Book One -- The things that sustain and support the entire body, and what braces and attaches them all. [the bones and the ligaments that interconnect them] | Chapter 15 On the Vertebrae of the Neck or Cervix

Description of the occipital bone where it is articulated to the first vertebra 36

The occipital bone, near the sides of the foramen [f. magnum] that provides a path for the dorsal medulla (A in fig. 1), puts forth on each side a single capitulum [condylus occipitalis] (the right one is shown as B in fig. 1), tending more to the anterior part of the foramen than the posterior. If you inspect the anterior (C in fig. 1) and posterior (D in fig. one) ends of these capitula, they are oblong and narrow, and constructed very much as if some bony head such as the femur’s (A in figs. 1 and 2, ch. 30), which is articulated with the hip bone, had been cut into two pieces and one piece of that head had been relocated at either side of the foramen carved in the occipital bone. For if you imagined each of the capitula of the occiput joined together on their inner sides, you would see that a round (though in man rather flat) head is made of the two of them. Since these things are so, it is clear that each capitulum is, as we said, oblong and protrudes 37 more on the inside (E in fig. 1) than on the outside (F in fig. 1), in the same way that in the round head of a bone the middle and more prominent part in the whole surface bulges farther than the parts located on the circumference. These are the capitula 38 which I shall presently write are articulated into the first cervical vertebra [atlas, facies articularis superior]. 39 But for now attention must be paid to a roughness and thickness (G in figure 1) [os occipitale, pars basilaris] in the occipital bone between the two capitula just mentioned, prepared so that a stronger insertion may be effected of the smoothly rounded ligament 40 (I in the fig. later to be added to the margin) attaching the dens of the second vertebra (H in the same fig.) to the occipital bone. This roughness sometimes appears so prominently as to justify calling it a kind of tubercle, projecting for the sake of the ligament mentioned as well as for the insertion of the muscles [m. longus capitis] that flex the neck (A and B in the 8th table of muscles). The area behind the foramen transmitting the dorsal medulla is also rough but not so thick as the anterior. Also, there is seen at the posterior region of either capitulum a slight depression [fossa condylaris] (H in figure 1), prepared so that a foramen [f. intervertebrale] will be made on each side with the other depression [facies articularis superior] of the first vertebra, through which the first pair of nerves of the dorsal medulla (F in fig. 3, ch. 11, Bk. 4) is to pass.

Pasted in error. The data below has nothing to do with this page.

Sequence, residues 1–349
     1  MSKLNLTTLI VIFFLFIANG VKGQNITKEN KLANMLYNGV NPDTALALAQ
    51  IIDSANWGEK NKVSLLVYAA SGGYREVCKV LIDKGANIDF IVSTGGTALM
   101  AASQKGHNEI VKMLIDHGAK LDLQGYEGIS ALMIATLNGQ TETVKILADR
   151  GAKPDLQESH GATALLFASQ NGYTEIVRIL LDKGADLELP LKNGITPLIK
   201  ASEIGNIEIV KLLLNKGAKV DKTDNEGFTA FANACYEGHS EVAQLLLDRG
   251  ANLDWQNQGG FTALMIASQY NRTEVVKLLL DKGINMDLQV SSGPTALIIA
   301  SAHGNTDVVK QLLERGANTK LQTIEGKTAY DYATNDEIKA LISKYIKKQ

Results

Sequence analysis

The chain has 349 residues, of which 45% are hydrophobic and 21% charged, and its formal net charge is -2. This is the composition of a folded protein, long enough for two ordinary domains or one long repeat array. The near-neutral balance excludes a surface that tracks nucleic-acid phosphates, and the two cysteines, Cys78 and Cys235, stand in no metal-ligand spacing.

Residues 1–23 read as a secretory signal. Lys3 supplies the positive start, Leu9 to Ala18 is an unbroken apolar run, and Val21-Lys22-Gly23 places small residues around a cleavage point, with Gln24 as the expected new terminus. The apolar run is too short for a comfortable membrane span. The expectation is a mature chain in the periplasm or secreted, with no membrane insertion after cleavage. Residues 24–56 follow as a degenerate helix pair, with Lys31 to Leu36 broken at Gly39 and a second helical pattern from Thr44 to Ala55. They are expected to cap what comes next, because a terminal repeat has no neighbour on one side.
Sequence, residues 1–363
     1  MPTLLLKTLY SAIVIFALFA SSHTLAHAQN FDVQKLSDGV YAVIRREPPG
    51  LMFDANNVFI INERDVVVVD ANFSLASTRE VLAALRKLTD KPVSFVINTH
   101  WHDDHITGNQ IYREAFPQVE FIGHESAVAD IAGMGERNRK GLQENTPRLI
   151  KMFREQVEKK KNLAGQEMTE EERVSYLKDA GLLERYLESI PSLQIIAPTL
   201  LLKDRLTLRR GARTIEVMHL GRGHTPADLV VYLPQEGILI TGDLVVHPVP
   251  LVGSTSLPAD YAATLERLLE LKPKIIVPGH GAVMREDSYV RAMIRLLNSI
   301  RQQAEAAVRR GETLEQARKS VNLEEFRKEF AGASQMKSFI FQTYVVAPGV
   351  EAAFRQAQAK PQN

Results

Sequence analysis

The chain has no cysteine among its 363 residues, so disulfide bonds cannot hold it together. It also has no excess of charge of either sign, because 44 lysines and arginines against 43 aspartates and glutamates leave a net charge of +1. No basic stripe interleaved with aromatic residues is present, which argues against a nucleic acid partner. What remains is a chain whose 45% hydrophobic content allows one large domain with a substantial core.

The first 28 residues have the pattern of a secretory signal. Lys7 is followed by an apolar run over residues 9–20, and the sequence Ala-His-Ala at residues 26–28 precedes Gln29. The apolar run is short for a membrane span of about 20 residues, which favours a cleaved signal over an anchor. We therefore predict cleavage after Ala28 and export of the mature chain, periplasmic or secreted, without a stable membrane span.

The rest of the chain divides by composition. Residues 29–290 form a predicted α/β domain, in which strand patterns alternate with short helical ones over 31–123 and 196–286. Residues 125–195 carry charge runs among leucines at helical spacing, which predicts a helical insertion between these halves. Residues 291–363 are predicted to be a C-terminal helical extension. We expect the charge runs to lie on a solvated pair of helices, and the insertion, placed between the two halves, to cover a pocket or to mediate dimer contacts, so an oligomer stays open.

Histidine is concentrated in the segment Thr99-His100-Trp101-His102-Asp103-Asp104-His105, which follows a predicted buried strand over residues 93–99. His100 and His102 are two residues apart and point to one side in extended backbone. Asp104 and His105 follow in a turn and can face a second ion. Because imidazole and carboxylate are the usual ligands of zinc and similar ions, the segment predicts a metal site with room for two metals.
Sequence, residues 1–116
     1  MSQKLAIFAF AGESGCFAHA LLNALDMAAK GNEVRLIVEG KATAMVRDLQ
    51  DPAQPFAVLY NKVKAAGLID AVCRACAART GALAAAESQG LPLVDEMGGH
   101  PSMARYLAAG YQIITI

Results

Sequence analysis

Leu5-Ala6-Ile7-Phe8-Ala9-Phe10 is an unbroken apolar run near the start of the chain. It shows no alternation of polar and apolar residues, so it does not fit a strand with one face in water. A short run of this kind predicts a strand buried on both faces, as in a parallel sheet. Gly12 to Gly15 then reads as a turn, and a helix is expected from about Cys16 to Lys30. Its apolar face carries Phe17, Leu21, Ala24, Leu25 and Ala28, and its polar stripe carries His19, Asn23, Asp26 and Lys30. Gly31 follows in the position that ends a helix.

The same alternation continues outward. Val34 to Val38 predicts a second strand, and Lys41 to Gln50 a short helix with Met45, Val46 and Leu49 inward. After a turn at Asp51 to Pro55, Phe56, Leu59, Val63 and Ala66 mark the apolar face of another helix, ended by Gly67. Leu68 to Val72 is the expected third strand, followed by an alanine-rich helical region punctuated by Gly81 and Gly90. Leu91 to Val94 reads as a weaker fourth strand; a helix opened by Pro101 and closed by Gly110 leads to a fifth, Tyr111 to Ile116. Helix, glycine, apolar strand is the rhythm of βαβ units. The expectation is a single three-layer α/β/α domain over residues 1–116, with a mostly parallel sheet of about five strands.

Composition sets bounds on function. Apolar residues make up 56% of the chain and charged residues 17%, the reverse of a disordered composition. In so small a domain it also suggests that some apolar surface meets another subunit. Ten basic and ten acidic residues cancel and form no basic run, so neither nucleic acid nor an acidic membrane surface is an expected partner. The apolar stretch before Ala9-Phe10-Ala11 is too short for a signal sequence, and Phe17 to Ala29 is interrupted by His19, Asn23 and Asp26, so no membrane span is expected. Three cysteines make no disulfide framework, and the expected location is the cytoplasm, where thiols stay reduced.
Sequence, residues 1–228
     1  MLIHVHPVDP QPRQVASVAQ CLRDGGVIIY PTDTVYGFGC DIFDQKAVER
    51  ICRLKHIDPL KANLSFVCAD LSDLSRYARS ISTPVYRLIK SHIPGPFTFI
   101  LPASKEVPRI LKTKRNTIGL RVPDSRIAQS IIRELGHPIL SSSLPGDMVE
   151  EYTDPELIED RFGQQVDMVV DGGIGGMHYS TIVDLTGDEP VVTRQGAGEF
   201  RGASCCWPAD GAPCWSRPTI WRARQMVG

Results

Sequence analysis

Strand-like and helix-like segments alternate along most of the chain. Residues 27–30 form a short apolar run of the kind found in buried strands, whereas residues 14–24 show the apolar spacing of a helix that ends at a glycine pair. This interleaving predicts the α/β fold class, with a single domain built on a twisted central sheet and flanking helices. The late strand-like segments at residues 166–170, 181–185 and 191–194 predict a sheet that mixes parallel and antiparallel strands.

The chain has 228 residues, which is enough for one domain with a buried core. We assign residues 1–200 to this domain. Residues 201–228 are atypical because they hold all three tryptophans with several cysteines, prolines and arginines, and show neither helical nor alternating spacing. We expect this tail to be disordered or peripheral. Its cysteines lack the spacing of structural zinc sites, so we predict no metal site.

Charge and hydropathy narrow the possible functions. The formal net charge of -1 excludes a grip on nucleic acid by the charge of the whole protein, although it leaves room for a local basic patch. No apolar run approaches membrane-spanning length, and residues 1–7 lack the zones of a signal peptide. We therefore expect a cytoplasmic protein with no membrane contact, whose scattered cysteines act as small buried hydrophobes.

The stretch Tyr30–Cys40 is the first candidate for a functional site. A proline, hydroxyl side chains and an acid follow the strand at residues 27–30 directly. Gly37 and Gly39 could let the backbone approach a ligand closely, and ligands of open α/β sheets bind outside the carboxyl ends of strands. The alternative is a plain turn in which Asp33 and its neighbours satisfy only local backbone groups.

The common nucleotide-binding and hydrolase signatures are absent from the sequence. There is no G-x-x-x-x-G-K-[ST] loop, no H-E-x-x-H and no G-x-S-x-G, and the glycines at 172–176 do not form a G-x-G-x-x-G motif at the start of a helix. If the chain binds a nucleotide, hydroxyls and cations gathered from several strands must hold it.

Book One -- The things that sustain and support the entire body, and what braces and attaches them all. [the bones and the ligaments that interconnect them] | Chapter 15 On the Vertebrae of the Neck or Cervix